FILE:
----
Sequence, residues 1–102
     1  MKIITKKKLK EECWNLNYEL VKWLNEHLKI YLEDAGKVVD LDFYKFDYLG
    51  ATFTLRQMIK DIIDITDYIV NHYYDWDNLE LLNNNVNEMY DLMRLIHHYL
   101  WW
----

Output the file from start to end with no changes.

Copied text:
Sequence, residues 1–102
     1  MKIITKKKLK EECWNLNYEL VKWLNEHLKI YLEDAGKVVD LDFYKFDYLG
    51  ATFTLRQMIK DIIDITDYIV NHYYDWDNLE LLNNNVNEMY DLMRLIHHYL
   101  WW